Horrifying Farming Practices That Should Keep You Up at #Night
Piglets who are too sick or not growing fast enough are killed by being slammed headfirst onto concrete floors.
raised for #foiegras
undergo routine force-feedings. Farm workers shove metal pipes down their throats multiple times a day to induce a diseased, fatty liver.
3. Tail Docking
Although outlawed in a few states, tail docking is a relatively common practice. It involves cutting through the #sensitive
skin, nerves, and bones of calves' tails without any painkillers.
4. Teeth Clipping
Farmers rip out #piglets
’ sharp incisor teeth without the use of painkillers.
Farmers burn or saw off the horns of cattle without anesthetics. This cruel practice, which often leads to infection, is 100 percent legal.
Shortly after birth, male piglets are castrated without painkillers. Farmers use a blade or scalpel to pull out the testicles.
Perpetrated by the #egg
industries, debeaking is painfully cutting off the tip of a bird’s beak, usually with a hot blade.
Since male #chicks
will never lay #eggs
and don’t grow quickly enough to be raised profitably for #meat
, they’re killed within hours of hatching. These young #animals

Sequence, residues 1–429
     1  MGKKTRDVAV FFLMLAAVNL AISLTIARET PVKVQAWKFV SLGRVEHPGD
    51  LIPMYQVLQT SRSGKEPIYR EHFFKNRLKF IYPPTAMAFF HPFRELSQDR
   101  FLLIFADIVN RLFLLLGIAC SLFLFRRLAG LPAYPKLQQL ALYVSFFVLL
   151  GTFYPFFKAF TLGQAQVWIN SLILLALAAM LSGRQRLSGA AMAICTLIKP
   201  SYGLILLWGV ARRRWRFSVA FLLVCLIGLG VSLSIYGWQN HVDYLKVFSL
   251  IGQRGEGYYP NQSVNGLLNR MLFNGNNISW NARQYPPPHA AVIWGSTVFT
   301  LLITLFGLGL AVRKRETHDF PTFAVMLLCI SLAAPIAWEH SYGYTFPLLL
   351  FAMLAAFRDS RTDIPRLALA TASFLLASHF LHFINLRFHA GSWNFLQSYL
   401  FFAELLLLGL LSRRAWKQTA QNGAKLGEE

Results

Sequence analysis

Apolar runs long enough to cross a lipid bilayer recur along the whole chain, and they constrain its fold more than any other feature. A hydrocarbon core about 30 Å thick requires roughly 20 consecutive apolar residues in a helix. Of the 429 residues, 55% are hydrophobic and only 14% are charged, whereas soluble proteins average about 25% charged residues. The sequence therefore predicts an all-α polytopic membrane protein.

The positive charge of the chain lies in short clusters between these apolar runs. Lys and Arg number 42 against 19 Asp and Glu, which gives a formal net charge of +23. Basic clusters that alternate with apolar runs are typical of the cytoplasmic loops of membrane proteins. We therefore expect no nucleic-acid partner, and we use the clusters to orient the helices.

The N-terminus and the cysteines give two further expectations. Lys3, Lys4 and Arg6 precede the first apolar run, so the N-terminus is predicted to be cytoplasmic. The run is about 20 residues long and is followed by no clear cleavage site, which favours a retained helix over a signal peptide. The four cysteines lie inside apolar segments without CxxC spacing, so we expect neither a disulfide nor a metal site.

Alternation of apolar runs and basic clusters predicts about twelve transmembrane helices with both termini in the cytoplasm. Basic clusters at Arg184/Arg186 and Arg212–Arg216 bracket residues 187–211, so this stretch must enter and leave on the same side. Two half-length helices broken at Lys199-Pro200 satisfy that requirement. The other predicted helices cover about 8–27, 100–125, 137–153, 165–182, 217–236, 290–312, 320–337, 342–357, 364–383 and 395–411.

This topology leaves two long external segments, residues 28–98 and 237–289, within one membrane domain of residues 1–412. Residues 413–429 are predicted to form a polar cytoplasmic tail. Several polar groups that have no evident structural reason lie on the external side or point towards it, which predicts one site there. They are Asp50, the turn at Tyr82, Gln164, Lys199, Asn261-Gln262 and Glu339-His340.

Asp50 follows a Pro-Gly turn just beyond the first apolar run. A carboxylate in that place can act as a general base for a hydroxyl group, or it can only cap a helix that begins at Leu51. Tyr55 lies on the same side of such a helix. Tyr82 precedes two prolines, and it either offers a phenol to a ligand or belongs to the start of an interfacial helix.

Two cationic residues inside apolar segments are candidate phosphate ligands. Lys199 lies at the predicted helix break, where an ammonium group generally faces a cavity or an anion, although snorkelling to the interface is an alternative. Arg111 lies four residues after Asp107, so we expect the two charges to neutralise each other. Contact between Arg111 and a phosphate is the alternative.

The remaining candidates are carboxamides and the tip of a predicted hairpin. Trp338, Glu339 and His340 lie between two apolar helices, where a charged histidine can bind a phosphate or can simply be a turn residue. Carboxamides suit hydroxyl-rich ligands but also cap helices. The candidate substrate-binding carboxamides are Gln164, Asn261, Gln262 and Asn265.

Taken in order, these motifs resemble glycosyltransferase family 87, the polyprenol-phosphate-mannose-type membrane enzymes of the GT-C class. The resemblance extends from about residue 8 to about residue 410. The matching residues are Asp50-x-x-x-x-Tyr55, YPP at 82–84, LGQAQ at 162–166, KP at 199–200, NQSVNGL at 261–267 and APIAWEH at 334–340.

are often ground up alive in macerators.
9. Extreme Confinement
In an effort to maximize #profit
, farmers keep animals in cramped, disease-ridden conditions. Many animals won’t see the #sun
until they’re on their way to the slaughterhouse.
10. Breaking Up #Families
On modern-day farms babies are often ripped away from their #mothers
, leading to severe distress for both mothers and their young.
To cut production costs, chicken and hog farmers sometimes use the carcasses of dead animals as feed.
12. Flame Clipping
Once a year #dairy
farmers use a propane torch to singe the hair around cows’ udders.
These are the things we have #nightmares
about, yet animals on farms are forced to #live
through them. We can all help end this unnecessary torture by switching to a compassionate plant-based diet.
Embrace Veganism 🌱
#belinda_vegan #truth #bacon #no